Gilbert Arenas and Javaris Crittenton suspended for rest of NBA season (UPDATED)

According to Michael Lee, the NBA will announce later today that Gilbert Arenas has been suspended for the rest of the NBA season. 

Lee reports that Arenas was actually the one to suggest his punishment, and Stern agreed with Arenas' judgement.  The NBA Players Association doesn't plan on fighting the decision.

At the end of the day, this is pretty much what was expected.  I don't really have a problem with it and I'm personally happy that Arenas wasn't suspended for any longer.  It speaks volumes that Arenas went ahead and suggested this punishment.  Perhaps Stern told Arenas to do this as a way to see how remorseful he was.  Perhaps Arenas legitimately worried he'd be suspended for longer.  Either way, it gives you an idea how seriously everyone now takes this.

We'll have much more as it happens here.

UPDATE: More from Lee:

The same source said that during the meeting, Arenas asked Stern about the possibility of having the remaining four years of his six-year $111 million contract voided, to which Stern replied, "That would be left up to the team." He also informed Arenas that members of the Wizards organization had yet made an inquiry about voiding his contract to the NBA's legal department.    

UPDATE: Via Adrian Wojnarowski:

Stern had been considering two suspension scenarios for the former All-Star: the remainder of this season or a full 82-game ban that would extend into next season. League sources said Stern gave Arenas the chance to take the shorter suspension if he pledged not to appeal it.    

Wojnarowski reports that Javaris Crittenton is expected to receive "a similar punishment."

UPDATE: Via Wojnarowski's Twitter:

Union negotiated rest of season vs full 82 game ban with Stern over past week, well before Arenas walked into NBA office today, sources say.

Arenas understood that if he didn't agree to rest of season suspension, Stern could've well gone for 82 game banishment into next year.    

UPDATE: Ken Berger on the void possibility.

Arenas, whose relationship with most members of the Wizards' hierarchy is fractured, has been concerned that the team would seek to void the remaining four years and $81 million on his contract. The team has, to this point, shown no inclination to take such a drastic step, which would face a formidable legal challenge. In his initial suspension letter to Arenas when he suspended him indefinitely on Jan. 7, Stern said his punishment was irrespective of any discipline the team chose to impose. But the collective bargaining agreement contains strong language protecting players from being sanctioned by the league and their team for the same offense.

UPDATE: Poll added.

UPDATE: According to Howard Beck, Javaris Crittenton has also been suspended for the season.  Full statement coming.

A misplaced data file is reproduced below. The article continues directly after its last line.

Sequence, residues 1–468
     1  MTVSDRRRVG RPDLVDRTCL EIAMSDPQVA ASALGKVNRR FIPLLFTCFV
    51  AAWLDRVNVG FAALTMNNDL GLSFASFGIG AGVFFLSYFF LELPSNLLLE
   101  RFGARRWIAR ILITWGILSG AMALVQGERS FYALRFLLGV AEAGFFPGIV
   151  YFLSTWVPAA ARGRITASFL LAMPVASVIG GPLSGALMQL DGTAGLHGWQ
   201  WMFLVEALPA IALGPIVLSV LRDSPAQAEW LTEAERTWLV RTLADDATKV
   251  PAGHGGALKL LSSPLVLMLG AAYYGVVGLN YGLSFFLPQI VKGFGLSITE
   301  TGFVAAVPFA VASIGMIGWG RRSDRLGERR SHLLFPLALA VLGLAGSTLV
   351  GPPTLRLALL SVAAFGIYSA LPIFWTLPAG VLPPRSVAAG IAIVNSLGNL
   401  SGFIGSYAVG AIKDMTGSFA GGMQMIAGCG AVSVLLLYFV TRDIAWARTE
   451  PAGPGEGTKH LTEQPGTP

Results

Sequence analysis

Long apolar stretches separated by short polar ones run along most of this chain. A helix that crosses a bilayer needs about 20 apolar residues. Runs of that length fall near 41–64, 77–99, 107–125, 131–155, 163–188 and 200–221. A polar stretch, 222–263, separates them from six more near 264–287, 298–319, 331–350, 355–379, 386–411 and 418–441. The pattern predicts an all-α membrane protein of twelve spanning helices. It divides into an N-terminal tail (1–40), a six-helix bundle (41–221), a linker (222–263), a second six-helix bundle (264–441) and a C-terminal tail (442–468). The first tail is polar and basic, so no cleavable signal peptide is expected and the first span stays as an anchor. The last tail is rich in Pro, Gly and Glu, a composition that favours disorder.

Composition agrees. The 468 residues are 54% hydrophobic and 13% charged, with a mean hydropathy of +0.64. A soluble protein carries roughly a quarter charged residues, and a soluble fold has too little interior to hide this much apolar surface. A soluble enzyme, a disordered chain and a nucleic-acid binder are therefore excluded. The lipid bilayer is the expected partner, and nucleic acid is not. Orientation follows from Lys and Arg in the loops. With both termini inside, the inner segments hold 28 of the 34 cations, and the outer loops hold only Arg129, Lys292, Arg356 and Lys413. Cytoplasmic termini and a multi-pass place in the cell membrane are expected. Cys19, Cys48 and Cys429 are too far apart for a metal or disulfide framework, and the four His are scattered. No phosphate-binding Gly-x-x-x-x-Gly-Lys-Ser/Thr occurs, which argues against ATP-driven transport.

UPDATE: Stern's statement, via Beck.

The issue here is not about the legal ownership and possession of guns, either in one's home or elsewhere. It is about possession of guns in the NBA workplace, which will not be tolerated. Both have expressed remorse for their actions and an understanding of the seriousness of their transgressions. Both have volunteered to engage in community service to turn the lessons they have learned into an educational message for others. I accept fully the sincerity of their expressions of regret and intent to create something positive from this incident. 

Also, to track this story from start to finish, check out SBNation.com's massive story stream.

UPDATE: Here's the Wizards' statement, via my inbox:

The NBA announced today that they have suspended Gilbert Arenas and Javaris Crittenton for the remainder of the season.  We understand and fully support their decision. 

Both players violated D.C. laws and NBA rules by bringing guns into the locker room.  Their poor judgment has also violated the trust of our fans and stands in contrast to everything Abe Pollin stood for throughout his life.  It is widely known that Mr. Pollin took the extraordinary step of changing the team name from "Bullets" to "Wizards" in 1997 precisely to express his abhorrence of gun violence in our community.  We hope that this negative situation can produce something positive by serving as a reminder that gun violence is a serious issue.

We look forward to putting this unfortunate incident behind us and once again focusing our full attention on playing exciting basketball in front of our great fans at Verizon Center.

Ernie Grunfeld, President, Washington Wizards

Irene Pollin, Principal Owner, Washington Sports and Entertainment (WSE)

Robert Pollin, Chief Executive Officer, WSE

James Pollin, President, WSE

Ernie's going to speak to the media today at 6 before the Caps game.  I can't attend, but it'll be streaming live on WashingtonWizards.com.

UPDATE: Stern's full statement is here.

UPDATE: Stern's speaking on the matter here

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